Repeated Discovery Failures and Abusive Litigation Tactics Warrant Terminating Sanctions, Treble Damages, Attorney Fees and Permanent Injunction Against Defendant In Patent Litigation Case.
July 27 2017
In TASER International, Inc. v. PhaZZer Electronics, Inc. et al, 6-16-cv-00366 (FLMD July 21, 2017, Order), a Florida District Court took the drastic step of entering a default judgment in favor of Plaintiff Taser, along with an award of compensatory and treble damages, an award of reasonable attorneys’ fees and costs, and injunctive relief because of Defendant Phazzer’s discovery failures and abusive litigation tactics. According to the Court, since the outset of the litigation, Phazzer had engaged in a pattern of bad faith conduct designed and intended to delay, stall, and increase the cost of the litigation. The Court determined no relief other than terminating sanctions would be adequate to address Phazzer’s repeated violations. In the case, Plaintiff Taser filed a complaint against Defendant Phazzer for patent and trademark infringement, false advertising, and unfair competition.
In the order granting the terminating sanctions, the Court began by summarizing the “abusive litigation and discovery practices” it found the Defendant undertook during the litigation. Specifically, the Court noted that after three motions to compel, and after the case had been ongoing for nearly a year, plaintiff “TASER still has not received the most basic information regarding the details and relationships between Phazzer and its manufacturer/suppliers/distributors of the accused . . .[infringing] product.” In addition, the Court noted that while Taser had been attempting to schedule depositions for five months, Phazzer continued to assert that “[e]very one of the handful of critical witnesses associated with Phazzer, a small, closely-held company, are represented to be on vacation, out of the country, in surgery, or convalescing.”
Furthermore, after multiple failures by corporate representative for Phazzer to appear when required, the Court order that a representative of Phazzer must attend a hearing on their counsel’s request to withdraw, cautioning that “[f]ailure to comply with this Order may result in imposition of sanctions, including entry of a default or default judgment against the offending party or counsel.” However, the Court noted that no representative from Phazzer Electronics attended the hearing in clear violation of the Court’s Order. Moreover, in addition to the “flagrant discovery abuse and contemptuous behavior exhibited by Phazzer,” the Court also cited to numerous attempts by Phazzer to derail the litigation by repeatedly attempting to stay the proceedings, and by filing a last minute emergency motion for a protective order.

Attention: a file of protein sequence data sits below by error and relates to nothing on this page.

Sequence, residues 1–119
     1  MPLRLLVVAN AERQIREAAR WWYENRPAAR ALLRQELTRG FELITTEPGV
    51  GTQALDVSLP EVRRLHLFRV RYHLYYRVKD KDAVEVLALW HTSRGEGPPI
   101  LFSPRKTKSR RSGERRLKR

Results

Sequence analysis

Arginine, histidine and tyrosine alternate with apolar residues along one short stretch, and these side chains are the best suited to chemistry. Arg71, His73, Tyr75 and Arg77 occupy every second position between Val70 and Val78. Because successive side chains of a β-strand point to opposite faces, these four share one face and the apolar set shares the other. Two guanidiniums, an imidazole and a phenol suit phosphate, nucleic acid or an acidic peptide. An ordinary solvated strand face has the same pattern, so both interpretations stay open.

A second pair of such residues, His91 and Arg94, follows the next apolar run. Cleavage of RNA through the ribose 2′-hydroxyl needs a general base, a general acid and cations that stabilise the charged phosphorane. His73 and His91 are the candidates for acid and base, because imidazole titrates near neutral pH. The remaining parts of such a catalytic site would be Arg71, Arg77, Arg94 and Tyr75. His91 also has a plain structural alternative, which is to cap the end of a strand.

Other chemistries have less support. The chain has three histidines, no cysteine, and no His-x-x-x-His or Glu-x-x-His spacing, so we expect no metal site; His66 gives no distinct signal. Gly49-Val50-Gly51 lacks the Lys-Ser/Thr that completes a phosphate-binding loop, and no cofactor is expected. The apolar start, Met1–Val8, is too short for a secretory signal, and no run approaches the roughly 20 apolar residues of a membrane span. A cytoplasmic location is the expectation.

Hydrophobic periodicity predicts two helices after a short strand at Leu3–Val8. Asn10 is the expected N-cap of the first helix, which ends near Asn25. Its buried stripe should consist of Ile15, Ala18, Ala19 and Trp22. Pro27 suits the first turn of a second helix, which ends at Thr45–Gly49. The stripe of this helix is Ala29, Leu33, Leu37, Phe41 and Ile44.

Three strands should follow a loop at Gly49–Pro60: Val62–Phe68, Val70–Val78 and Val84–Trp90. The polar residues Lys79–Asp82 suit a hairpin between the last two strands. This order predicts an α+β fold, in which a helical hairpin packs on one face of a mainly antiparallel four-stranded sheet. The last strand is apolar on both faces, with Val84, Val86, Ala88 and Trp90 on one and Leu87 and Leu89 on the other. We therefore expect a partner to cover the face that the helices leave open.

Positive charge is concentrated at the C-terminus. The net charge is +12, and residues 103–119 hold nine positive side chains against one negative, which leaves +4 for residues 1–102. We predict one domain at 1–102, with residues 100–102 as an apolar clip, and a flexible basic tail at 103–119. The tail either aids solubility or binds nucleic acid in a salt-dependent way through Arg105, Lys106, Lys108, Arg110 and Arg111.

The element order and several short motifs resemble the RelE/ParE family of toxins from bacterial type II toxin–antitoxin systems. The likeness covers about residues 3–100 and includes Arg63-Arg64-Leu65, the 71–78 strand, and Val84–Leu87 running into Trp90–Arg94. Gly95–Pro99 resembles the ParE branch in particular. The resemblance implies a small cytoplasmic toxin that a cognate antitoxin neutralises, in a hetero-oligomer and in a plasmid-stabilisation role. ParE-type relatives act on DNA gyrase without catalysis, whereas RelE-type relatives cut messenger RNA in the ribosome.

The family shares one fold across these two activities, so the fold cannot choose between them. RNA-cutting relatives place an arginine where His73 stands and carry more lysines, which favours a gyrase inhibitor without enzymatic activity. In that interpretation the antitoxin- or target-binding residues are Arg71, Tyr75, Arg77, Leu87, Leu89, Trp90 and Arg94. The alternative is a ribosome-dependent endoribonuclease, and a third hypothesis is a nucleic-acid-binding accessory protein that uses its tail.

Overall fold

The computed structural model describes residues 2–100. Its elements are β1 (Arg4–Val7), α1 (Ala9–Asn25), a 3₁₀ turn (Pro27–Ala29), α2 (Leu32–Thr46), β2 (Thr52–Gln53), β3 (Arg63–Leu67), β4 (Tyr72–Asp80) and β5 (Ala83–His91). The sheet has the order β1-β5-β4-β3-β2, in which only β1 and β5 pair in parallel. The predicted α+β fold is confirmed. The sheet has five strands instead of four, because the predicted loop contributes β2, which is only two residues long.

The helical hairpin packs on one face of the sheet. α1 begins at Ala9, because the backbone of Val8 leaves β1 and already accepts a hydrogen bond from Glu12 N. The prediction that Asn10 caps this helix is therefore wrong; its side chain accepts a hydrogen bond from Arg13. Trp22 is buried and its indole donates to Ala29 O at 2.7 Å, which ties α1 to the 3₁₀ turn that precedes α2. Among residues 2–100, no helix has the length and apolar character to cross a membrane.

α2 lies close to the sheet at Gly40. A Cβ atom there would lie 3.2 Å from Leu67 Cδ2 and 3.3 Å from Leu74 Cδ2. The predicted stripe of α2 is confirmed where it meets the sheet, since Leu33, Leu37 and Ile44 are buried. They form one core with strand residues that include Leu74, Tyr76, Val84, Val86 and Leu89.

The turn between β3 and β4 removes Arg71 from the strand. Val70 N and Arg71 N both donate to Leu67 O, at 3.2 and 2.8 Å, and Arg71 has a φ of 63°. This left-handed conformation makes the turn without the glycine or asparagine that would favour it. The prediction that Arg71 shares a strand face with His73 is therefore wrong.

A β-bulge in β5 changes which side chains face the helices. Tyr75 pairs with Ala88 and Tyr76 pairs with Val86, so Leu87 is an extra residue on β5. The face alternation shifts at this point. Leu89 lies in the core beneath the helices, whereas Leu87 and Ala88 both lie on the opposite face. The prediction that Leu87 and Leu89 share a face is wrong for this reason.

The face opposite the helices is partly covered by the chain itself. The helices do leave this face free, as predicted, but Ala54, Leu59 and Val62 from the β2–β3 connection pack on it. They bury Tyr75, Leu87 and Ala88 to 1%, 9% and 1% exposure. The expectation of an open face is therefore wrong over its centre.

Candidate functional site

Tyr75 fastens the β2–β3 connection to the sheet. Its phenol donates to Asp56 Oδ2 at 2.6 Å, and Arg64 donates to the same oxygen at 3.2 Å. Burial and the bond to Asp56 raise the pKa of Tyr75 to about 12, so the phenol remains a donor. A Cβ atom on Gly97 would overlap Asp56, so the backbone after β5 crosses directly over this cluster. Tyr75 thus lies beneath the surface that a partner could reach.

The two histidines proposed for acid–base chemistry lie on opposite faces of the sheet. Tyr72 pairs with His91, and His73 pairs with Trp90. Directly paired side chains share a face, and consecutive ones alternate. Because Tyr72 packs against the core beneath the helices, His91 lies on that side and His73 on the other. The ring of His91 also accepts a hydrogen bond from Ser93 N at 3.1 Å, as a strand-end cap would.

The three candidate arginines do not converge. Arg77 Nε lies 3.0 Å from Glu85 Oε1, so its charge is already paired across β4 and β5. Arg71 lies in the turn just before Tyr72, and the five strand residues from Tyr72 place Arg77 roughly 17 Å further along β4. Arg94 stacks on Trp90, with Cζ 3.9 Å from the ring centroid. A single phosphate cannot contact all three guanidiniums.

As for legal authority for its terminating and others sanctions ordered against Phazzer, the Court stated Rule 37 of the Federal Rules of Civil Procedure “allows district court judges broad discretion to fashion appropriate sanctions for the violation of discovery orders.” The Court then noted Rule 37 “authorizes a variety of sanctions, such as, striking pleadings, rendering a default judgment, and holding the disobeying party in contempt of court.” Furthermore, Rule 37 provides that “the court must order the disobedient party, attorney advising that party, or both to pay the reasonable expenses, including attorney’s fees, caused by the failure, unless the failure was substantially justified or other circumstances make an award of expenses unjust.”
Although the sanction of default is seen as a “last resort,” the Court reasoned a party’s “willfull or bad faith disregard” for discovery orders may call for this type of sanction when the party failed to comply with a court order compelling discovery and warning that the failure to comply might result in a default judgment. The Court also noted bad faith may be found through “delaying or disrupting the litigation or hampering enforcement of a court order.” The Court then found that Defendant Phazzer engaged in the above-described misconduct with the subjective intent to abuse the judicial process. Thus, the Court found the imposition of terminating sanctions, along with compensatory and treble damages, attorneys’ fees and costs, and a permanent injunction to be “necessary to adequately punish Phazzer for its wanton and repetitive disregard of this Court’s orders and as a consequence of its willful abuse of the discovery process. The imposition of lesser sanctions would underrepresent the seriousness of the offensive conduct.”
Although an extreme example, this case is a good reminder to parties and attorneys alike that all litigation must be taken seriously and that the discovery process must be respected. Failure to do so can lead to sanctions, up to and including terminating sanctions in particularly egregious cases.